Book Review: Hard-Boiled Brooklyn

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Editor: Reed Farrel Coleman

Publisher: Bleak House Books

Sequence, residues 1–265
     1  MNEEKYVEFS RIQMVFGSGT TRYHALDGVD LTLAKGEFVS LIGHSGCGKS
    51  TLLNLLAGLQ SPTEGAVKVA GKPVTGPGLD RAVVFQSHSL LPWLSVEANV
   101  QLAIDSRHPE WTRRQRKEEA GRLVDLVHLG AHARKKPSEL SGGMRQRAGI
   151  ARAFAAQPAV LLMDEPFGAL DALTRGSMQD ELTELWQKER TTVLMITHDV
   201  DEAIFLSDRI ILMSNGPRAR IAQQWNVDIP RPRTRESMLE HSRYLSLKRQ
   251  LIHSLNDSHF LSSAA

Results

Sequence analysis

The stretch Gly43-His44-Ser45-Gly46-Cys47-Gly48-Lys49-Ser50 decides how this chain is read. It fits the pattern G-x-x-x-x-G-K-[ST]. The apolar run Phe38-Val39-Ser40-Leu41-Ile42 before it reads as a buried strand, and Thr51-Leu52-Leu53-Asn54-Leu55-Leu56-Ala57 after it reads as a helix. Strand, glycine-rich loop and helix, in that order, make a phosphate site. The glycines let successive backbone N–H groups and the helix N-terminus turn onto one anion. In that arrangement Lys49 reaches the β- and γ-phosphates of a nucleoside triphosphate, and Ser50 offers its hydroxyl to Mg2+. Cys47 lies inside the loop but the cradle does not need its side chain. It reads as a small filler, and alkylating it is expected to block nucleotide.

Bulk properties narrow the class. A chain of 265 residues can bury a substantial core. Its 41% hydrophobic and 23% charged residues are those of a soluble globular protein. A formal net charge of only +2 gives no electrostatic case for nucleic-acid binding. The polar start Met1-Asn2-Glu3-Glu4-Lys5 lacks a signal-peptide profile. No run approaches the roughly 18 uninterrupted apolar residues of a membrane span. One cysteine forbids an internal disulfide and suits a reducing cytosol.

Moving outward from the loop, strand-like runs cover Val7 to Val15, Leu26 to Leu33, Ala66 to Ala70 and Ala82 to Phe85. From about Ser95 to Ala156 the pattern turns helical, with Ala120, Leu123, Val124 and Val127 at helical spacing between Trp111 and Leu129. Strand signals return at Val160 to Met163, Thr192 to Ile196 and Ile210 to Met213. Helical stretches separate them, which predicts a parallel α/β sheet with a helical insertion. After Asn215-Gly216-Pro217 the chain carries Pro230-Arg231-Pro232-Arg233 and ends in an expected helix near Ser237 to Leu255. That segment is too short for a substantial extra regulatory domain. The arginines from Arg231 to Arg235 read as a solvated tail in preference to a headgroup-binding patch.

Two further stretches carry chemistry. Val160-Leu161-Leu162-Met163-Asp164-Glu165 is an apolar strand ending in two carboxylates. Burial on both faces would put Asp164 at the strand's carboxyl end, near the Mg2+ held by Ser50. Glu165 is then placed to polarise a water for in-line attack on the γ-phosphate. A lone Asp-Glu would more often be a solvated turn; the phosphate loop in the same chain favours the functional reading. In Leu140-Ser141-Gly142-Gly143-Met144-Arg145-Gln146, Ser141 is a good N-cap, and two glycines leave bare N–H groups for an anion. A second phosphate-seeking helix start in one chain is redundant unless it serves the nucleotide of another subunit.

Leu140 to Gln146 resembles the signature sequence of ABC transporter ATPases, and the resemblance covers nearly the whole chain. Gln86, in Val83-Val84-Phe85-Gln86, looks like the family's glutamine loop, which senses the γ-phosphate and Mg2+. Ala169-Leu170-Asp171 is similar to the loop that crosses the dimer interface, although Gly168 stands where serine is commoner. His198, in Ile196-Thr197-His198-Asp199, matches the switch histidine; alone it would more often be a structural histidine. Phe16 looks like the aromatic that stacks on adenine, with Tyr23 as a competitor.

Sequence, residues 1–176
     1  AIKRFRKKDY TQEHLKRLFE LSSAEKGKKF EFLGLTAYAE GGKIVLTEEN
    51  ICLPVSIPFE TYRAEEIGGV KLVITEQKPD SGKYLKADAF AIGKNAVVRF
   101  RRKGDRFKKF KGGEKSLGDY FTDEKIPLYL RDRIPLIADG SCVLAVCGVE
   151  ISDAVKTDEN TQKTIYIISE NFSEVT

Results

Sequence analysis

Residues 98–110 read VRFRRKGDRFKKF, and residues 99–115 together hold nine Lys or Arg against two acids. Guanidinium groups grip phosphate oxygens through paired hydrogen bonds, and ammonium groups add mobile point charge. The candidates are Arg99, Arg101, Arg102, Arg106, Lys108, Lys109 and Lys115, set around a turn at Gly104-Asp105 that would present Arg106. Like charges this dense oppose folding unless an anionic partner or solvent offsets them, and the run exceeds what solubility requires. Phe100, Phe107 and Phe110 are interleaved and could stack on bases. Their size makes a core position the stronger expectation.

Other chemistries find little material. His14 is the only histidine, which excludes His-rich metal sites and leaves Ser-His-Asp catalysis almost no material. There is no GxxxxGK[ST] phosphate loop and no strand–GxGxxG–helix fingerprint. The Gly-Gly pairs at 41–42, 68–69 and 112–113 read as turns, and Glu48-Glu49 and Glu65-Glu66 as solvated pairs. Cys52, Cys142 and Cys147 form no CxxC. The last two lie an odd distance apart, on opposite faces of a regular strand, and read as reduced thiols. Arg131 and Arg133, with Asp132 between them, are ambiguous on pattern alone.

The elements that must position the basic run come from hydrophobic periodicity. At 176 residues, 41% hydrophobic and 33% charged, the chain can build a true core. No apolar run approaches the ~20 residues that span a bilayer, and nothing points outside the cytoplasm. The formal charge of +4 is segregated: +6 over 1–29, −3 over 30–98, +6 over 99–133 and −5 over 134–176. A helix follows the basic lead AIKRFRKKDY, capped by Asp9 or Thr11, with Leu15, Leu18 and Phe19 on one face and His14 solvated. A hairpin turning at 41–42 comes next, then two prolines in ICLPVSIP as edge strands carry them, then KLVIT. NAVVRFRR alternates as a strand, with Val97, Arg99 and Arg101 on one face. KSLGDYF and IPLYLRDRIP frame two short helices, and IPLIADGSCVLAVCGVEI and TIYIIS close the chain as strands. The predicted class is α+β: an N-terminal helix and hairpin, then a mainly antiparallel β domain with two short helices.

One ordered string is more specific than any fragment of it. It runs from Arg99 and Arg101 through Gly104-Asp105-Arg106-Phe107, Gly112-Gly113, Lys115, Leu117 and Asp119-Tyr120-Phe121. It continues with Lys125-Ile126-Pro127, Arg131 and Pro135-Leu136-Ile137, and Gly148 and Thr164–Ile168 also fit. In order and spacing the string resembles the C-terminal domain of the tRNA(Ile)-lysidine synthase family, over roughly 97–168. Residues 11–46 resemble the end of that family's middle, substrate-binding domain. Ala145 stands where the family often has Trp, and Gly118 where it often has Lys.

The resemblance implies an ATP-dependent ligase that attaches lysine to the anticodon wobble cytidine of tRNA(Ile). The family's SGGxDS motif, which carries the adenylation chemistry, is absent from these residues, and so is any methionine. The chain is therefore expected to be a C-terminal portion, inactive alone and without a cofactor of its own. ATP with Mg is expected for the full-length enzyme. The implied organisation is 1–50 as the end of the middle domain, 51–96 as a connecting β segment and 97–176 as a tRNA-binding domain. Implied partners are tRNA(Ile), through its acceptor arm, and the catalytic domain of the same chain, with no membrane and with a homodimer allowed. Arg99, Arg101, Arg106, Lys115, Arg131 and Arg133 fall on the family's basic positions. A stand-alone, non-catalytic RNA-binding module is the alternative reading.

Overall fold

The tales written for this collection are not, as editor Reed Farrel Coleman’s introduction rushes to clarify, the pulpy noir of Raymond Chandler or Dashiell Hammet. Instead, the stories found here—many of which do have more than a glancing familiarity with the aforementioned masters—are about the things one has to do to survive the big, bad city—particularly this sprawling, densely populated borough. The best stories in the collection wreak havoc on readers’ expectations, particularly “House Envy” by Naomi Rand, in which a pregnant woman faced with a manipulative squatter in her brownstone proves that she’s a Brooklynite through and through. But it’s Gabriel Cohen’s low-key “Right is Right” that lingers in the mind. This is a pitch-perfect tale of a cynical cop grudgingly falling in love. It captures the helplessness of a one-sided love affair against a backdrop of snowflakes and lonely cups of coffee. Sometimes the stories are so staccato and bare bones that the plot is difficult to follow, but taken as a whole, the collection successfully conveys the grit and fear that’s inherent in city life. It takes a special kind of person to relish and thrive in it, and as Coleman points out, “You can crack our shells, but nothing runs out.” And that’s what living in Brooklyn is all about.

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